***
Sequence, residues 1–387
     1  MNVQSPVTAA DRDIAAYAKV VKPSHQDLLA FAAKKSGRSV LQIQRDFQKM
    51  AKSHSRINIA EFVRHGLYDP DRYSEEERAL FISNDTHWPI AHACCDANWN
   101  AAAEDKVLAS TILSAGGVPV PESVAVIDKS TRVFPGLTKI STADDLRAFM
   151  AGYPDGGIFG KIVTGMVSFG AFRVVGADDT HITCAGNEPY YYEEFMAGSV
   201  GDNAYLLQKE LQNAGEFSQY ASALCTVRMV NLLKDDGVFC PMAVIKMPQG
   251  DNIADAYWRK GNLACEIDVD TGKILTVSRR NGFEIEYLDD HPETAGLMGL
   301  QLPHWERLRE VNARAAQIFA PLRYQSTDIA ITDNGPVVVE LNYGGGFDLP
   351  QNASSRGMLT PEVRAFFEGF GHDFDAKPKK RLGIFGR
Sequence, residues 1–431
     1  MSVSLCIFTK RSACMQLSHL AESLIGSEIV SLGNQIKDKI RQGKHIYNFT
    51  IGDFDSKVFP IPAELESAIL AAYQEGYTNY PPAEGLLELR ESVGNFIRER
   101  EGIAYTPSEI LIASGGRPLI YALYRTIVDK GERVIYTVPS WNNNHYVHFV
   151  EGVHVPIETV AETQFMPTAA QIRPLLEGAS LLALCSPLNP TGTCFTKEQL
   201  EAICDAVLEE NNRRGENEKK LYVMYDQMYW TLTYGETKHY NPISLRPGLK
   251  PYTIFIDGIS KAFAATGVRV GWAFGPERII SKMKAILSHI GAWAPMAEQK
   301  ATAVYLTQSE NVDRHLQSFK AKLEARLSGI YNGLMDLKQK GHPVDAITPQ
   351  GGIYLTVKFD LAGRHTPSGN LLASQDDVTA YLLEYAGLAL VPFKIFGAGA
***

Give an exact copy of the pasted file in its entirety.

Sequence, residues 1–387
     1  MNVQSPVTAA DRDIAAYAKV VKPSHQDLLA FAAKKSGRSV LQIQRDFQKM
    51  AKSHSRINIA EFVRHGLYDP DRYSEEERAL FISNDTHWPI AHACCDANWN
   101  AAAEDKVLAS TILSAGGVPV PESVAVIDKS TRVFPGLTKI STADDLRAFM
   151  AGYPDGGIFG KIVTGMVSFG AFRVVGADDT HITCAGNEPY YYEEFMAGSV
   201  GDNAYLLQKE LQNAGEFSQY ASALCTVRMV NLLKDDGVFC PMAVIKMPQG
   251  DNIADAYWRK GNLACEIDVD TGKILTVSRR NGFEIEYLDD HPETAGLMGL
   301  QLPHWERLRE VNARAAQIFA PLRYQSTDIA ITDNGPVVVE LNYGGGFDLP
   351  QNASSRGMLT PEVRAFFEGF GHDFDAKPKK RLGIFGR
Sequence, residues 1–431
     1  MSVSLCIFTK RSACMQLSHL AESLIGSEIV SLGNQIKDKI RQGKHIYNFT
    51  IGDFDSKVFP IPAELESAIL AAYQEGYTNY PPAEGLLELR ESVGNFIRER
   101  EGIAYTPSEI LIASGGRPLI YALYRTIVDK GERVIYTVPS WNNNHYVHFV
   151  EGVHVPIETV AETQFMPTAA QIRPLLEGAS LLALCSPLNP TGTCFTKEQL
   201  EAICDAVLEE NNRRGENEKK LYVMYDQMYW TLTYGETKHY NPISLRPGLK
   251  PYTIFIDGIS KAFAATGVRV GWAFGPERII SKMKAILSHI GAWAPMAEQK
   301  ATAVYLTQSE NVDRHLQSFK AKLEARLSGI YNGLMDLKQK GHPVDAITPQ
   351  GGIYLTVKFD LAGRHTPSGN LLASQDDVTA YLLEYAGLAL VPFKIFGAGA